What They Don’t Tell You About Lung Cancer

August 30, 2021
What They Don’t Tell You About Lung Cancer

Written by Crystal Stone

There’s a stigma attached. Even though there are pollutants we breathe in daily, putting us all at risk, people assume if you’ve gotten lung cancer you did something to deserve it. You were a smoker, or someone you loved was a smoker, or your favorite bar let people smoke inside. You made choices.

Even if you are a smoker, people think that it’s easy to quit after hearing the news. But smokers may still take joy in a toke of what had been their comfort for years. I remember watching my grandmother in the wheelchair after chemo with a lit cigarette at the end of her mouth. My dad’s quiet relinquish. “Let her be. She knows she’s going to die anyway. Can she just have one thing she enjoys?” We had to respect her decision, as much as we wish we didn’t. The doctors caught the tumor too late. 

And of course they did, because aside from the smoking, my grandmother had been healthy. She swam laps in the pool daily, golfed on the weekends, read books to keep her mind sharp and participated in a local choir. She was active. There weren't obvious signs of danger to her life.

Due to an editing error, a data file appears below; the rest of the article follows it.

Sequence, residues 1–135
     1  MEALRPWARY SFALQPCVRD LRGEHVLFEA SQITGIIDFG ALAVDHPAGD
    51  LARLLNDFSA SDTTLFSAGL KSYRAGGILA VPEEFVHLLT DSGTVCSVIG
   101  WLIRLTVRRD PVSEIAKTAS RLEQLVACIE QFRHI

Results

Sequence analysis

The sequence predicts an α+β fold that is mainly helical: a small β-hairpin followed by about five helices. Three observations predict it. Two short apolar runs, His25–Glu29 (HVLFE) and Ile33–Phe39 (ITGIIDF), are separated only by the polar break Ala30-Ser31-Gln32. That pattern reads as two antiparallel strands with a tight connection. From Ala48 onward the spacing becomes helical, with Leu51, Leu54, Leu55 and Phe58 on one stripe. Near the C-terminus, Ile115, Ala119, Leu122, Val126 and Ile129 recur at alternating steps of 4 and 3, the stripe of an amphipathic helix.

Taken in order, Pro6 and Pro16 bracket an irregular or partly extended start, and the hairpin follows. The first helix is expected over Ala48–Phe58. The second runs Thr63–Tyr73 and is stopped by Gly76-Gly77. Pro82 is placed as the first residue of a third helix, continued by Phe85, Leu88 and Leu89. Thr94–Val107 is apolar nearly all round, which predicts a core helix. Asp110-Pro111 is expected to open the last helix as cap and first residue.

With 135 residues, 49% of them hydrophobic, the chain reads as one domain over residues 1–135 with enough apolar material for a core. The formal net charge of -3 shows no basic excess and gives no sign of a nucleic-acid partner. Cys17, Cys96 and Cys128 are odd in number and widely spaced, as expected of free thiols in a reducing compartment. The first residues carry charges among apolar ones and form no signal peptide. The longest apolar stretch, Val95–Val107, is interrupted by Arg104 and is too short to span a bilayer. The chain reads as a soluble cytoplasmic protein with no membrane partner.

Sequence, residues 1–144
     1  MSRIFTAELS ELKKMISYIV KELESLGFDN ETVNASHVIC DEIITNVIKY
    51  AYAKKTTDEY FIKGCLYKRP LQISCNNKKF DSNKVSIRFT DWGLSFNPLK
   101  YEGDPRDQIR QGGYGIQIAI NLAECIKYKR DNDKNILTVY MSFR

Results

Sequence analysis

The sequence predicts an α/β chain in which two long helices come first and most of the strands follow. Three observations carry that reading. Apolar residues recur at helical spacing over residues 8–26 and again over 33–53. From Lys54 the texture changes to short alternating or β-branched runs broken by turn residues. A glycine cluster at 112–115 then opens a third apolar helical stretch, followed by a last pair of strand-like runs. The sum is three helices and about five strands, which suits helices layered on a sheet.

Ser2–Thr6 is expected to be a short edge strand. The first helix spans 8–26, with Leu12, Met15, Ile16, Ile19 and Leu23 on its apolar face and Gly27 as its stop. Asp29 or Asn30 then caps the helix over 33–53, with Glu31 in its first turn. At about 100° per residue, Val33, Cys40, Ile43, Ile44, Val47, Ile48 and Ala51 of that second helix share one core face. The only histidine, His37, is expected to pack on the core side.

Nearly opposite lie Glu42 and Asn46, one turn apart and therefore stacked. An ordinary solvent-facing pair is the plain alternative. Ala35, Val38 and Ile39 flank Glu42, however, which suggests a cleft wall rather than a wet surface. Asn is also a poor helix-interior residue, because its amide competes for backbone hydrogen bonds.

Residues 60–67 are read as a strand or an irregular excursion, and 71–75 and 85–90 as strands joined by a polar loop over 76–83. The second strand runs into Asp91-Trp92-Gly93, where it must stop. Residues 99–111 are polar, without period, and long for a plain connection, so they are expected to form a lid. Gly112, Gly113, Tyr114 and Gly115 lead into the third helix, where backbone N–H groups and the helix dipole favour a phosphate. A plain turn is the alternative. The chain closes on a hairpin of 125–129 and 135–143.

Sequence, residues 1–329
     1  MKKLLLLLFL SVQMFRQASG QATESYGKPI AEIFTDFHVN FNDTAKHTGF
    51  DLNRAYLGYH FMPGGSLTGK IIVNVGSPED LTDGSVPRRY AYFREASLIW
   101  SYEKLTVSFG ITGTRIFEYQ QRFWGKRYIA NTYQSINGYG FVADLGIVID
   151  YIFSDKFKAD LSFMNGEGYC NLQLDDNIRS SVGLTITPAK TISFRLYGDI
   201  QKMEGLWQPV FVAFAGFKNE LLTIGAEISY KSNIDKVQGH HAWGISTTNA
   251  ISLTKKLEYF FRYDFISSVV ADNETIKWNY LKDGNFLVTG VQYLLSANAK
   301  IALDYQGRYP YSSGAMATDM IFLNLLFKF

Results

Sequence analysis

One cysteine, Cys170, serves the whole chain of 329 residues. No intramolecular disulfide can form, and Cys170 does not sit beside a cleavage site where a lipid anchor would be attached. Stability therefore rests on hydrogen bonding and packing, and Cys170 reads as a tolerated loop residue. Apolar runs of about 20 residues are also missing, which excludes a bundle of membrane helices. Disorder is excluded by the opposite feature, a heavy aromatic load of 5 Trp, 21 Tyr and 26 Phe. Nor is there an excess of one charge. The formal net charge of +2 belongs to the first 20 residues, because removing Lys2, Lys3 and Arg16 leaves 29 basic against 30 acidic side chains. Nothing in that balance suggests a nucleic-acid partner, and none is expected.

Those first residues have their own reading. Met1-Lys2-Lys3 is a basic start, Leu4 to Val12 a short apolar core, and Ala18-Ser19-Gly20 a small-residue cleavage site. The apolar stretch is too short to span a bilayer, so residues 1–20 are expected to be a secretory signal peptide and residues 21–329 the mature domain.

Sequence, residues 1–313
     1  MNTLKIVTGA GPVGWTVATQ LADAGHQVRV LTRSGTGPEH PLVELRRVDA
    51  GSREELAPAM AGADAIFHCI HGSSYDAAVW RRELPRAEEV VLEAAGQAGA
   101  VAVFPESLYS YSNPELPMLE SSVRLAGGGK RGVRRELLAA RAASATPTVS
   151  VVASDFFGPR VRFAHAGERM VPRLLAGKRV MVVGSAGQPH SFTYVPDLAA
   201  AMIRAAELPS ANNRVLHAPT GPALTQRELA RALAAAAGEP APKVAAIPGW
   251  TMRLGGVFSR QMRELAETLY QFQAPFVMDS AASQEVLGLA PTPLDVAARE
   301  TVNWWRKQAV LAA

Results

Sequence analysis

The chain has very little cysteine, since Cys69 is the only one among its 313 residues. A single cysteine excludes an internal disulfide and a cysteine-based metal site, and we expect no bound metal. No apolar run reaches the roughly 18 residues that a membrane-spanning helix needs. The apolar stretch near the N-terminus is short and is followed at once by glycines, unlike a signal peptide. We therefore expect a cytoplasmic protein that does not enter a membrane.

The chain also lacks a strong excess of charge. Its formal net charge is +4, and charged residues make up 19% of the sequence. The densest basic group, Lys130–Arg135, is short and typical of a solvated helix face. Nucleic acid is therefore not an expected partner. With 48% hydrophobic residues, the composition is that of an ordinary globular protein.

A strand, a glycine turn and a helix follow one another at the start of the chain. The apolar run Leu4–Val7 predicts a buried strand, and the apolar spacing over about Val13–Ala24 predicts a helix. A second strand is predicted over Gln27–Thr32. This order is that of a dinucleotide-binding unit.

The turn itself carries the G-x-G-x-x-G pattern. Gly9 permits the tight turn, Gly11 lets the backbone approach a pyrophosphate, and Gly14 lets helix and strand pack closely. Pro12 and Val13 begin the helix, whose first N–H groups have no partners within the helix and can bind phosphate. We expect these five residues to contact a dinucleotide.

What they don’t tell you about lung cancer is that it’s very treatable when caught in the earlier stages. Unfortunately, the symptoms are minimal so people don’t usually notice the shortness of breath, the tightness of the chest or the problematic cough until it’s too late. A good friend died of lung cancer a year ago and they didn’t find the tumor until the autopsy. While curable, it’s so easy to miss.

They don’t tell you that long before death, after the diagnosis, you’ll want to move closer to home. But with long visits there, you’ll realize even close to home, there’s nothing you can do. You can’t stop the tumor, not even with love or prayers, positive thoughts or hope. The decline is rapid: one minute she’s an active swimmer and the next minute she’s only a mermaid in the depths of your dreams. 

No one prepares you to watch your grandfather hold his wife’s hand and cry. The way she’ll pass on Valentine’s Day and say “I love you” in her last breaths like a clip from a Hallmark movie. 

And even after she’s passed your grandfather will still cry, petting the shih tzu they raised together, missing her. You’ll learn to appreciate the memories and live in a way that makes her proud. Death doesn’t erase life; it just makes it more precious. 

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